“Things are not important, people are,” this echoes in my mind constantly and I regurgitate it to my kids. But truth be told, some things are important, they matter and when I lose them it hurts.
We are told that this world is a temporary abode, that our true goal is heaven where we cannot take things from this world, so things are ultimately not important in the grand scheme of things. Agreed that family, kids, friends, enjoying time spent with loved ones, knowledge, skills learnt, moral values are all more important than things, but some things hold the most precious part of a person, their memories.
So does valuing things I have make me materialistic? I do not own very much in the way of jewellery – I love wearing what I own, and the part that makes it special is that every piece of jewellery I own is a gift, or belonged to my grandmother/mother/aunt/sister and when I wear a piece it’s like I am on a yellow brick road to nostalgia. It makes me feel loved and warm inside. Not because the piece is gold/silver, but because the person associated with it loves me, we spent time together and have memories and ties that bind – something no one can snatch away from me. Losing a piece means losing that easy access to memories and times that I cherished, that eventually will get passed down from generation to generation.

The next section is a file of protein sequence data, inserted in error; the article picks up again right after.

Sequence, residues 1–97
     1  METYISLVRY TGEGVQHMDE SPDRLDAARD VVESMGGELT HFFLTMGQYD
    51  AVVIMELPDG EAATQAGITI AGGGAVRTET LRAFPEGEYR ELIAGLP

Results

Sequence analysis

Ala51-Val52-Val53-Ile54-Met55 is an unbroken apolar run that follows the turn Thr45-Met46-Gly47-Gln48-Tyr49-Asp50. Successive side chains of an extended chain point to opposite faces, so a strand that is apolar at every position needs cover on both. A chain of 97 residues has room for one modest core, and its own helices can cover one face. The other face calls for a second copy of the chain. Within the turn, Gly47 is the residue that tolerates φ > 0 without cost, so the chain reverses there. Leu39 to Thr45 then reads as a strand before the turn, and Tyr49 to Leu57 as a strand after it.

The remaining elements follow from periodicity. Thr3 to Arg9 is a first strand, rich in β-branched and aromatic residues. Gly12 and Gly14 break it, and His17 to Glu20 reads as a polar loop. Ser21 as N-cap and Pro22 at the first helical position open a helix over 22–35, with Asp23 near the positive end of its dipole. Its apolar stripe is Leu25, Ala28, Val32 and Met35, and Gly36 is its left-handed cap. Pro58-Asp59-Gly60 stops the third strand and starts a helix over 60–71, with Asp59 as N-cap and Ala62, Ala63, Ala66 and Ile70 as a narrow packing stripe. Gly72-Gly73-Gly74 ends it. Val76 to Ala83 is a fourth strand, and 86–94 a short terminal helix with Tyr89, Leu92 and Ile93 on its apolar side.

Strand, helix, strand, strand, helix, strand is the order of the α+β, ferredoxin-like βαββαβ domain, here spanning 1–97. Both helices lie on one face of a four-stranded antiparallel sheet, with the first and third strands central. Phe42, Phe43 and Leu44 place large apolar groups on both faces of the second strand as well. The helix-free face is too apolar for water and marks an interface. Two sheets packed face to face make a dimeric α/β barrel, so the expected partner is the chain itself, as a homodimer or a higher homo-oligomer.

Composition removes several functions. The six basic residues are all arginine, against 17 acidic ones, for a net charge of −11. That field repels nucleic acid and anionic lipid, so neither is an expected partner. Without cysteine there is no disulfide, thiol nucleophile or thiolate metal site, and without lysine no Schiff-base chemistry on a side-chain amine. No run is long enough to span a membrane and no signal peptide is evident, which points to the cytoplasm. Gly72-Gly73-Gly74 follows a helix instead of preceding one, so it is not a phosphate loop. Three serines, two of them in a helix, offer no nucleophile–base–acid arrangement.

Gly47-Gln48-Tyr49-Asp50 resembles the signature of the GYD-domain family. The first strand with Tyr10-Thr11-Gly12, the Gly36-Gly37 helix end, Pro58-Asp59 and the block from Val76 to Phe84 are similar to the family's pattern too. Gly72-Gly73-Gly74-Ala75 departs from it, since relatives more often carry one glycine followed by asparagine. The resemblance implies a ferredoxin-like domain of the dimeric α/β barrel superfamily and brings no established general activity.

Having said that, not everything evokes memories and acquiring things for the sake of keeping up with the neighbours is just plain insane or making friends with someone just because of their bank balance, now that would be materialistic. But cherishing things because of the memories associated with them and not wanting to part with them makes you normal. Less is not more, but….as Frank Lloyd Wright put it aptly –
So my new ‘rules’ are:
- I will not apologise for who I am and what I do.
- I will push myself to do more, expect more and accept more.
- Understand that what makes me happy might not make my husband/kids/family happy, but we still love and care about each other.
- Spend more time with the kids, enjoy their achievements and share their joys/sorrows.
- Perfection is attainable, but not always suitable, it is okay to be average.
- “My material desires have a spiritual aspect” (Happier at Home – Gretchen Rubin)